Meal replacement manufacturer Soylent is getting strange looks from the media these days, but it doesn’t mind.
Called a “punishingly boring, joyless product” in one recent New York Times article and “bland, gritty pancake batter” in another, the downtown L.A. company is receiving reviews that most food makers would dread. Yet, the media attention is playing right into Soylent’s messaging.
“What we’d really like to do is change this cultural Zeitgeist around everyone having this obsession around everything being organic and natural,” said David Renteln, chief marketing officer and a co-founder of Soylent. “What we’d really like to do is make nutrition as scientifically based as possible.”
Soylent is a grey-brown powder that claims to be packed with all the essential nutrients a human needs to survive. Its emphasis on science over all else has won it $24.5 million in investment from the likes of Andreessen Horowitz and Alexis Ohanian, a co-founder of Reddit. Its focus on science has also created a passionate customer base within the tech community, especially among time-pressed engineers that would rather go without the hassles to traditional eating.
“We’re really trying to help people replace meals that are sub-optimal,” said Renteln. “If you ever have something that is rushed or not satisfying, odds are it’s not nutritious.”
To that point, Soylent markets its powder to hurried techies using words they understand: tech jargon. How customers choose to drink Soylent are “use cases;” the powder’s changing formula is “iterating;” and the company’s goal is to create a food that “scales.”
“Unlike most other foods which prioritize taste and texture, Soylent was engineered to maximize nutrition, to nourish the body in the most efficient way possible,” said one promotional video on Soylent’s website.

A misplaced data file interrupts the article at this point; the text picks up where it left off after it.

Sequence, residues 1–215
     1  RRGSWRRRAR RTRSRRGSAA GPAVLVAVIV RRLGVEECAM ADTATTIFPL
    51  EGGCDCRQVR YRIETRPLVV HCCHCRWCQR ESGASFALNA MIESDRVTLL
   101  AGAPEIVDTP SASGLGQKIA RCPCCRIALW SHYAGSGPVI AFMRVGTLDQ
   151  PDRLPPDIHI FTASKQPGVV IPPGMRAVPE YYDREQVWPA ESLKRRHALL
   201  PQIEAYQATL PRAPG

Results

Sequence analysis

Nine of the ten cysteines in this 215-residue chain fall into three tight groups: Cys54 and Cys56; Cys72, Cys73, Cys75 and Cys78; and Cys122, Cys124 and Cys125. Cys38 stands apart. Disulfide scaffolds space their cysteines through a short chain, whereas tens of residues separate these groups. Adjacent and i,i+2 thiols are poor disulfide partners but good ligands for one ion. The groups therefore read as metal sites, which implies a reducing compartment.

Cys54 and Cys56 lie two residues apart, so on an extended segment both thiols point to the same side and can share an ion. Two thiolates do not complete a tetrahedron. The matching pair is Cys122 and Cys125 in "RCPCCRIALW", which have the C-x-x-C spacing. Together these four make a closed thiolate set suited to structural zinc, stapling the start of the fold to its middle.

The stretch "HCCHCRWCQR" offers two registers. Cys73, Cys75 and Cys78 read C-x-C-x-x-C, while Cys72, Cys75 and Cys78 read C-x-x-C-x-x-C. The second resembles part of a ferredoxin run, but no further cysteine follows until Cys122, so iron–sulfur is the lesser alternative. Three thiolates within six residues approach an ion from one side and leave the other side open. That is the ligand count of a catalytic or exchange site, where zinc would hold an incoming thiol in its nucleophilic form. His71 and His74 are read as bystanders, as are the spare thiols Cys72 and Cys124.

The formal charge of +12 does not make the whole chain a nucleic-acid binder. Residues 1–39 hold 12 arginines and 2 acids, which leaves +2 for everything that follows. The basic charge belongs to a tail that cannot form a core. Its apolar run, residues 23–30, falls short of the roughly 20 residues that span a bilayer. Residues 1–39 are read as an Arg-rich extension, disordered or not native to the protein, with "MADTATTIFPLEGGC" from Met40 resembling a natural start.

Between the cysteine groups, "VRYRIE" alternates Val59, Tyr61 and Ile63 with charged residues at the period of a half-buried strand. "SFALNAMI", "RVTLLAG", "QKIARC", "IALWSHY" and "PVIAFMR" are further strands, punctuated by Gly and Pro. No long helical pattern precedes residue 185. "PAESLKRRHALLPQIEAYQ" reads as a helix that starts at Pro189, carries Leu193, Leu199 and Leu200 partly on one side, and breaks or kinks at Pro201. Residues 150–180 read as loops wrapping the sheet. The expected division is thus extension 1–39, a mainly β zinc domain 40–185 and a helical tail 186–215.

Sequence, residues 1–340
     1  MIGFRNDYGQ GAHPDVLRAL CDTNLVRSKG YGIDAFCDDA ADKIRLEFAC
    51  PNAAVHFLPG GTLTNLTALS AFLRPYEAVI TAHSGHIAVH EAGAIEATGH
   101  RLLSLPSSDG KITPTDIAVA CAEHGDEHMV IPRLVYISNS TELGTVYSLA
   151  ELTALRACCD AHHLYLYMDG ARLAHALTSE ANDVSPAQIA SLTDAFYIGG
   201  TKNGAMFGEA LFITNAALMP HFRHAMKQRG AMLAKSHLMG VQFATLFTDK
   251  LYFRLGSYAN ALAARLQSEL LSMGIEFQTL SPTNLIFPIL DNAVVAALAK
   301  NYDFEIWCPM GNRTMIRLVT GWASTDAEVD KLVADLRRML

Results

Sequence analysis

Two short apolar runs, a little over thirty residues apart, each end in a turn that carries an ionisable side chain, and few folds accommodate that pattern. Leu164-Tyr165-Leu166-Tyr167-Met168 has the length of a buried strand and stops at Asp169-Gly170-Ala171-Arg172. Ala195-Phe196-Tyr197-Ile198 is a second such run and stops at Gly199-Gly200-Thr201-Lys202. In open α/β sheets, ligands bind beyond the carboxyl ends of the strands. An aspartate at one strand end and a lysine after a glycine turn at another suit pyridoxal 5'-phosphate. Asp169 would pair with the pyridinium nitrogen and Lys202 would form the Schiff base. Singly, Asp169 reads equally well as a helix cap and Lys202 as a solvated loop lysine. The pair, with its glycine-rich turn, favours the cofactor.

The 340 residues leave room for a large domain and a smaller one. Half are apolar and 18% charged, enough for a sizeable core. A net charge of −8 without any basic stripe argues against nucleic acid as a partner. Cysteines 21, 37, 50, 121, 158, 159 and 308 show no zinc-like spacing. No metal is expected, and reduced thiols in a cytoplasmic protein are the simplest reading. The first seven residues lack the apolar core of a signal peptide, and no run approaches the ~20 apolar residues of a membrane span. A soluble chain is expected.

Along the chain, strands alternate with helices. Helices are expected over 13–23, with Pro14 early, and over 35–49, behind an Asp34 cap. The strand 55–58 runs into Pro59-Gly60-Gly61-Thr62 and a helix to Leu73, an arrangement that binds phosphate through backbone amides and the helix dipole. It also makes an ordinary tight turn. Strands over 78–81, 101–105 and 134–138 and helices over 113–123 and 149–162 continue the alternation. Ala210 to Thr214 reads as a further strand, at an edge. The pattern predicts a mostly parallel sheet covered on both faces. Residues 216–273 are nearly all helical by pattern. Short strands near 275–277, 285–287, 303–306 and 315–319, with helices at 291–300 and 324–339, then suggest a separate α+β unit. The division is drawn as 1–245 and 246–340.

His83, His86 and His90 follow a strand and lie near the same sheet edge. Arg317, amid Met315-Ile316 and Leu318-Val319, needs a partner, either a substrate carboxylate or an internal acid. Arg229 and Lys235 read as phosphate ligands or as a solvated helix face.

Combined with tech focused marketing, customers also appreciate Soylent’s narrow focus on engineering nutritional value, which they see as more authentic, said Renteln.
“A lot of the large food companies have for decades foisted these products on customers that are not as nutritious as they should be,” he said. “In many ways the consumer has lost trust in processed food as a category.”
With Soylent what you see on the nutrition label is what you get, with no added taste or texture.
And that odd embrace of tech jargon and engineered food has other desirable side effects too: it’s attracted attention from curious outsiders. The company said it had shipped 6.25 million “meals” across the country to date, with truck drivers, single mothers and college students also finding “use cases” for the powder.
“With regard to the nutrition and the scientific evidence we are extremely serious,” Renteln said. “With regard to incorporation into someone’s lifestyle we definitely intend to be tongue-in-cheek.”